THE SEVERIN FAMILY
Carl Johann Joachim Sevreman was born in Prussia on 2 March, 1835 and migrated to Australia as a 19 year-old on the ship “Australia” to Port Adelaide in South Australia on 1 November, 1854.
He began farming at Freeling in South Australia and changed his name to Severin.
He married Maria Magdalene (Beckinan) Severin on 14 October, 1864 in Schoenfeldt, South Australia, and later moved to Western Australia.
He died in 1898 in Katanning aged 62 where he is buried.
The couple had a family of four boys, including the eldest, Carl Christian Severin (b1865 – d1947 – Katanning), and two girls, all born in SA, who all came over with their parents and also settled in the Katanning area.
Carl Severin took up land in the Katanning area in 1892 and it is still in family hands today.
He was the only one who kept to farming except for one girl, who married a farmer in the Woodanilling district.
Carl married Mariana Wilcox and they had two children, both boys – Reginald and Louis.
Louis moved to Brookton in 1933 to continue farming.
Times were very hard for the early settlers; clearing had to be done the hard way by burning down the big trees and chopping down the smaller ones.
No bulldozers to push them down and to push them into heaps again after the burn.
Fencing was done with a spade and crow bar and building was usually done by the settler himself with a little neighbourly help.
Of course social life must have been practically non-existent as the miles seemed to be a lot longer then, and transport was crude.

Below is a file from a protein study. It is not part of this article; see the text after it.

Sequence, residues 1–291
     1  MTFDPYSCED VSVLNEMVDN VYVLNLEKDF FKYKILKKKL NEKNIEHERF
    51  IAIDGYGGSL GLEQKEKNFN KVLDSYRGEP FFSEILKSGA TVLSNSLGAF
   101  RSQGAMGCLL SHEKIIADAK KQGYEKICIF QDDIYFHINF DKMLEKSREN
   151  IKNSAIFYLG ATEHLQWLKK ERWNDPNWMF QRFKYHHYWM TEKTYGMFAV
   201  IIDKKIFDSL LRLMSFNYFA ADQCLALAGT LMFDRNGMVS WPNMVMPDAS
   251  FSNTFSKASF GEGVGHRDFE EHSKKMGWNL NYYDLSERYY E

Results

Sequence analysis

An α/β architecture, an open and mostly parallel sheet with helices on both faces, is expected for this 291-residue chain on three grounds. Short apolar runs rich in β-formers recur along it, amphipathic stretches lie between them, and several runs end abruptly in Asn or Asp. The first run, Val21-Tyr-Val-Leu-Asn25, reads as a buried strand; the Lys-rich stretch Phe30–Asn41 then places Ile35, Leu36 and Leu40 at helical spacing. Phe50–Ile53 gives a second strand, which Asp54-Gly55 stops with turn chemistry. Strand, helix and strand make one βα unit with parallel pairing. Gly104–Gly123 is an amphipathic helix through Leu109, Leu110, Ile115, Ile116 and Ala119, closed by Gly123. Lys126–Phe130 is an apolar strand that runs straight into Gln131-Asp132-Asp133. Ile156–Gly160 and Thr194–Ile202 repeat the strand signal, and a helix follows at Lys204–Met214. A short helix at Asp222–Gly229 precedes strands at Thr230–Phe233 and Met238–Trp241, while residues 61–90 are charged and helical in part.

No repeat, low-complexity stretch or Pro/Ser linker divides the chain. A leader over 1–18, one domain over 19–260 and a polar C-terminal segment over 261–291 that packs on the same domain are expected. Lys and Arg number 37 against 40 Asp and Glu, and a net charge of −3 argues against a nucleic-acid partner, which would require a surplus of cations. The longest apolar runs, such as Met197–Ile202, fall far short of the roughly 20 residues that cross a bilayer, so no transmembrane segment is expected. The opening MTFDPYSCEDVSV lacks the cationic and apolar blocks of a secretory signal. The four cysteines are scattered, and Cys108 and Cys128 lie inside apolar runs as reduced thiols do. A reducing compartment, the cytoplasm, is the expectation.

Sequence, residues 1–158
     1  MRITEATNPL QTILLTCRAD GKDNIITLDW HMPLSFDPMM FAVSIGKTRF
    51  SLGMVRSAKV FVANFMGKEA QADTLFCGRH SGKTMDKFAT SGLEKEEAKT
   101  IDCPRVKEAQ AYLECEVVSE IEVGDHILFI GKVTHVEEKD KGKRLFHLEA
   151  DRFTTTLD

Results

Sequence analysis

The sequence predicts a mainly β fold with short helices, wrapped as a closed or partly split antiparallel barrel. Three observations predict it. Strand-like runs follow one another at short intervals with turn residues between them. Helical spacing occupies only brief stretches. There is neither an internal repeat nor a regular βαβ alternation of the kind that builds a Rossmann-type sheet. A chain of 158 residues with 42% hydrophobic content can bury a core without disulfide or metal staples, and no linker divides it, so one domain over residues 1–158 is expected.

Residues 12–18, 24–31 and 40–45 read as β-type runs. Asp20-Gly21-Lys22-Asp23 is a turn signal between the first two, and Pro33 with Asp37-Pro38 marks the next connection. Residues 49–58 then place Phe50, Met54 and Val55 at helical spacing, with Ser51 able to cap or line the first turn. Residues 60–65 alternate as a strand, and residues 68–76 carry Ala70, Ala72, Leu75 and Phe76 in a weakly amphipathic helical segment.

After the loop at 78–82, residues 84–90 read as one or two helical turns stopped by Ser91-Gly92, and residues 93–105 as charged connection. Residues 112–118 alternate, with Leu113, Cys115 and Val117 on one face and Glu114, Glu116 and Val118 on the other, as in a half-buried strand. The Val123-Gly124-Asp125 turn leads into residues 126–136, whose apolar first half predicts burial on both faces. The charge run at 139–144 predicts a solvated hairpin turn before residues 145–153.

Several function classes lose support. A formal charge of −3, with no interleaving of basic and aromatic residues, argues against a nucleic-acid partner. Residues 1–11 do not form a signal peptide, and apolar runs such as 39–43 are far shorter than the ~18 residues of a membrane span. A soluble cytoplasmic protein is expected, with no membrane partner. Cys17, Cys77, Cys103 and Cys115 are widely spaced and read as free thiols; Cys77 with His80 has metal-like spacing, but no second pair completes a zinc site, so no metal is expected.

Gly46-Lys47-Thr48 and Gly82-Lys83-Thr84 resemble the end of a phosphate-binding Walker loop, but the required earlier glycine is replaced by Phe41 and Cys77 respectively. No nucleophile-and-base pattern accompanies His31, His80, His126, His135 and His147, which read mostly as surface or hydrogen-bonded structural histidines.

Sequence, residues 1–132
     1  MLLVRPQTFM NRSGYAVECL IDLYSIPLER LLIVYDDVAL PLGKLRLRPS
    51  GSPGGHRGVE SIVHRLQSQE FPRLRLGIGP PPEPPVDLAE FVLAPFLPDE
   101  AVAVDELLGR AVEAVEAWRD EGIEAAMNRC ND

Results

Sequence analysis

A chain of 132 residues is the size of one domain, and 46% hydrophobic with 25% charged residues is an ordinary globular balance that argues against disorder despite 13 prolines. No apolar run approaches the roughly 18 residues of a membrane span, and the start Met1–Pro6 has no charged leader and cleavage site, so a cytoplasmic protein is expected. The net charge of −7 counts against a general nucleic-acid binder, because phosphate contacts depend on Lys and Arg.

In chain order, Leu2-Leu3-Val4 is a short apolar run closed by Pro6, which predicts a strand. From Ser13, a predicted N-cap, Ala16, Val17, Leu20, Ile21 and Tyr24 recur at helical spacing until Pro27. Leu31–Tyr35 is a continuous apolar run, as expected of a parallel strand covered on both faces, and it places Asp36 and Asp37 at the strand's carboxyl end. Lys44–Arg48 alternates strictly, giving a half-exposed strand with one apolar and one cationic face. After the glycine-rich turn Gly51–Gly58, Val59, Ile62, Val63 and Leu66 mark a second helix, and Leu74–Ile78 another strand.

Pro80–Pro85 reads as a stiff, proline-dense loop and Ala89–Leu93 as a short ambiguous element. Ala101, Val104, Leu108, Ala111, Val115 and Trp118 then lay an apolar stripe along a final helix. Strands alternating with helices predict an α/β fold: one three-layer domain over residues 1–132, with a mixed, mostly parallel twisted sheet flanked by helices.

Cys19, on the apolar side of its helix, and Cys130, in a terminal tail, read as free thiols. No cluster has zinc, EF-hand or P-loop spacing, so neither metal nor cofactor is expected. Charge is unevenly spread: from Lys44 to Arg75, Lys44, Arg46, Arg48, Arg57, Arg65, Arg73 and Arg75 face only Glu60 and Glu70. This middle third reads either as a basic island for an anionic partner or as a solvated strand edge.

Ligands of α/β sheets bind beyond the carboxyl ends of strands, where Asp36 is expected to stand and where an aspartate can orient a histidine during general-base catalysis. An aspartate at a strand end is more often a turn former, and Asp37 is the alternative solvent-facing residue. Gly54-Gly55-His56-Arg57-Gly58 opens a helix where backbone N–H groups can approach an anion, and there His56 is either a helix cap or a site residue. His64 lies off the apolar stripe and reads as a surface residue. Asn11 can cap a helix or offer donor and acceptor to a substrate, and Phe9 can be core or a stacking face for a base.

Carl built his house of mud bats made on the spot and the timber was bush timber trimmed up with an axe. That place survived the white ants for many years.
His two sons attended school at Marracoonda when the eldest was six years of age. It was a one-teacher school, with at one time, over thirty children on the roll.
His son Reginald’s early days of farm life were a big contrast to today’s standards – a four-furrow plough, a thirteen-run drill and a 5 ft harvester and prices for produce were a lot lower than today’s prices: butter at one shilling (10c) a lb, eggs at about the same price per dozen and bread about 6d a loaf. Naturally they lived off the land as much as possible and a few pounds in currency went a good way.
Carl’s brothers stayed around Katanning most of their working days. One worked at the mill, another was in the railways and another worked at various jobs and agencies but he eventually went to Perth.
Reginald over the farm in 1935 and Carl and Mariana retired to live in Woodanilling in 1936.
That same year he married Lilian Mathews and they had four sons and one daughter.